Justice, Fairness, and Deliberative Democracy in Health Care4
First, the author argues that Daniels and Sabin’s way of setting priorities in healthcare is implausible. Daniels and Sanin think there is a lack of consensus on comprehensive principle(s) of justice that can resolve the issue of priority-setting in healthcare. Nevertheless, their argument appeals to the deliberative democracy-based idea of accountability for reasonableness that involve the conception of justice construed naturally as comprehensive. The author then proposes a comprehensive conception of justice, with which the issue of priority-setting, an equal opportunity-based principle of justice, can be resolved. Although Daniels addresses two critical issues on the equal opportunity-based principle of justice, the author contends that it can be defended in ways that overcome these issues while being applicable to priority-setting conditions.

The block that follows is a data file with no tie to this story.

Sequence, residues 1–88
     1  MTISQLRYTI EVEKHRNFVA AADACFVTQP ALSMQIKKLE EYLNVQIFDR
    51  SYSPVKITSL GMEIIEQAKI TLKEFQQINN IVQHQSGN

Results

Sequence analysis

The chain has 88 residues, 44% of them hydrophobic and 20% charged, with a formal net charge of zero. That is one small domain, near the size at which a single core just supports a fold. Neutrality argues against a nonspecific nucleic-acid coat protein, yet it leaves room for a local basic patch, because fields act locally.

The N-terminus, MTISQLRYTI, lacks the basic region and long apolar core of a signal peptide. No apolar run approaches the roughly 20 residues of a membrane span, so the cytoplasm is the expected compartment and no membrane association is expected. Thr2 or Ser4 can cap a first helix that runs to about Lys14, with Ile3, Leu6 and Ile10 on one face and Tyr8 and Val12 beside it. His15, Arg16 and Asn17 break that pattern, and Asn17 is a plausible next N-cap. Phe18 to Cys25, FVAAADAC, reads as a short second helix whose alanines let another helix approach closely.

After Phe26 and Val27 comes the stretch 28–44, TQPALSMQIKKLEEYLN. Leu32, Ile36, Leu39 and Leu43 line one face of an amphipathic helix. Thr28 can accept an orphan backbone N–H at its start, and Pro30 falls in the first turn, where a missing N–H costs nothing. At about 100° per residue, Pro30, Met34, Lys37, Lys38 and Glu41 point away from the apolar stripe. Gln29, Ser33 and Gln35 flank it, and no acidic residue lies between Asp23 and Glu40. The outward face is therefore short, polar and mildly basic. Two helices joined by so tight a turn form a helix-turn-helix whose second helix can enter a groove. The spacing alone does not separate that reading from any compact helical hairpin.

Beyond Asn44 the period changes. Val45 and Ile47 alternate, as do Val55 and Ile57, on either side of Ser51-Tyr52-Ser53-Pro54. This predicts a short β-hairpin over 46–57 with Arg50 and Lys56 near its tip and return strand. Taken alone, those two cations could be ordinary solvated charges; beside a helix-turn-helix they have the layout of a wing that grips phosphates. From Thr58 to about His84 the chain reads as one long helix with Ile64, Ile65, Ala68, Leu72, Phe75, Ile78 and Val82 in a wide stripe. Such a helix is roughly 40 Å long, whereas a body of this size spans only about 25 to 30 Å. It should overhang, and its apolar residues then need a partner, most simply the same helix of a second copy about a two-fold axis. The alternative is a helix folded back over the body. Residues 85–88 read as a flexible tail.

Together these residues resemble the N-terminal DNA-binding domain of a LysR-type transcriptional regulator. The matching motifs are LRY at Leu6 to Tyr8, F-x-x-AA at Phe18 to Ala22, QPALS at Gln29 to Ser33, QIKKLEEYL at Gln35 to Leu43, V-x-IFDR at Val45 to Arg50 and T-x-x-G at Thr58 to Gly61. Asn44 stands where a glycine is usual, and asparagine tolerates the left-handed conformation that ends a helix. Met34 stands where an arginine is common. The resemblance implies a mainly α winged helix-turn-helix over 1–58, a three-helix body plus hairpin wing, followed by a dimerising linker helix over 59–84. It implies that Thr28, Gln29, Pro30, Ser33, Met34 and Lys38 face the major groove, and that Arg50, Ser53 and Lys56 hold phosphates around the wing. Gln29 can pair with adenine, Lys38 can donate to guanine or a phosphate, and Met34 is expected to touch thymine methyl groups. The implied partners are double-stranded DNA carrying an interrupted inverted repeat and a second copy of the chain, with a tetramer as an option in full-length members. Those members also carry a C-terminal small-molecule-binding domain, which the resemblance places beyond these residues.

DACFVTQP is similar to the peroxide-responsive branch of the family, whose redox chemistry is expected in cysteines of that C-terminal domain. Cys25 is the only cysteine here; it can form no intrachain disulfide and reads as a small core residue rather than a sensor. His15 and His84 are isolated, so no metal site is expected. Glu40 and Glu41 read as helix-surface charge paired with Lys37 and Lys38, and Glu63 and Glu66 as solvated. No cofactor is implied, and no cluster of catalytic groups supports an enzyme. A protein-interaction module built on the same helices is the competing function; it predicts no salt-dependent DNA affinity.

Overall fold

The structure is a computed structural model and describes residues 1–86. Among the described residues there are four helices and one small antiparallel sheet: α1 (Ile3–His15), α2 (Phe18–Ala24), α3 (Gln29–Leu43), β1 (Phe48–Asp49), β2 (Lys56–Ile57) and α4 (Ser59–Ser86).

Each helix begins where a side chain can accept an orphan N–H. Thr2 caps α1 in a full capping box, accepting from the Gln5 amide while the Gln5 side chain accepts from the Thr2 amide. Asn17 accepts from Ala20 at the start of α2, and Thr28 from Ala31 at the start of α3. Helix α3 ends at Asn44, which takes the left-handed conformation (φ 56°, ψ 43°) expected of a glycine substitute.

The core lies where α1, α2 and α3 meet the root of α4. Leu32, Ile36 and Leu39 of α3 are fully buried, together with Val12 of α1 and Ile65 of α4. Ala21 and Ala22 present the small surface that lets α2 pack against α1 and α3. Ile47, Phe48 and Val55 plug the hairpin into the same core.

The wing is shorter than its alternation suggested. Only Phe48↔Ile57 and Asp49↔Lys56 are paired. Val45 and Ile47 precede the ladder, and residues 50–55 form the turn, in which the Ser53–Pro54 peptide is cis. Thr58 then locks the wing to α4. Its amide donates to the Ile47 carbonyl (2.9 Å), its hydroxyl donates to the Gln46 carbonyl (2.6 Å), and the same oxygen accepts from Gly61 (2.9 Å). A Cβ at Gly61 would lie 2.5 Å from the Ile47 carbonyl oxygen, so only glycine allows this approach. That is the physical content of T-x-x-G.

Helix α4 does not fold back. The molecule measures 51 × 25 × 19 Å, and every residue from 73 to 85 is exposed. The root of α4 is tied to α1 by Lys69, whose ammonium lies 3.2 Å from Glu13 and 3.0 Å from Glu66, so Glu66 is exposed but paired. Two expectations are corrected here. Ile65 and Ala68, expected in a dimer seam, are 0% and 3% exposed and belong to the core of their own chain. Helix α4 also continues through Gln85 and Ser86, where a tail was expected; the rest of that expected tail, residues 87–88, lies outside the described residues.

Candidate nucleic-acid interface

Oxford Scholarship Online requires a subscription or purchase to access the full text of books within the service. Public users can however freely search the site and view the abstracts and keywords for each book and chapter.
If you think you should have access to this title, please contact your librarian.